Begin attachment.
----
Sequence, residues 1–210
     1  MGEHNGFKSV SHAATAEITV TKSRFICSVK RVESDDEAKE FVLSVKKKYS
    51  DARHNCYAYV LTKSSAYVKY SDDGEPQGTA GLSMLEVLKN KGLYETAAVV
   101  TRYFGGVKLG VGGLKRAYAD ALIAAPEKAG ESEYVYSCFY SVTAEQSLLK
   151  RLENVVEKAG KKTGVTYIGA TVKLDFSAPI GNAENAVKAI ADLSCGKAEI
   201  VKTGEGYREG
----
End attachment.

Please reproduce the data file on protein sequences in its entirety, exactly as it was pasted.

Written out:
Sequence, residues 1–210
     1  MGEHNGFKSV SHAATAEITV TKSRFICSVK RVESDDEAKE FVLSVKKKYS
    51  DARHNCYAYV LTKSSAYVKY SDDGEPQGTA GLSMLEVLKN KGLYETAAVV
   101  TRYFGGVKLG VGGLKRAYAD ALIAAPEKAG ESEYVYSCFY SVTAEQSLLK
   151  RLENVVEKAG KKTGVTYIGA TVKLDFSAPI GNAENAVKAI ADLSCGKAEI
   201  VKTGEGYREG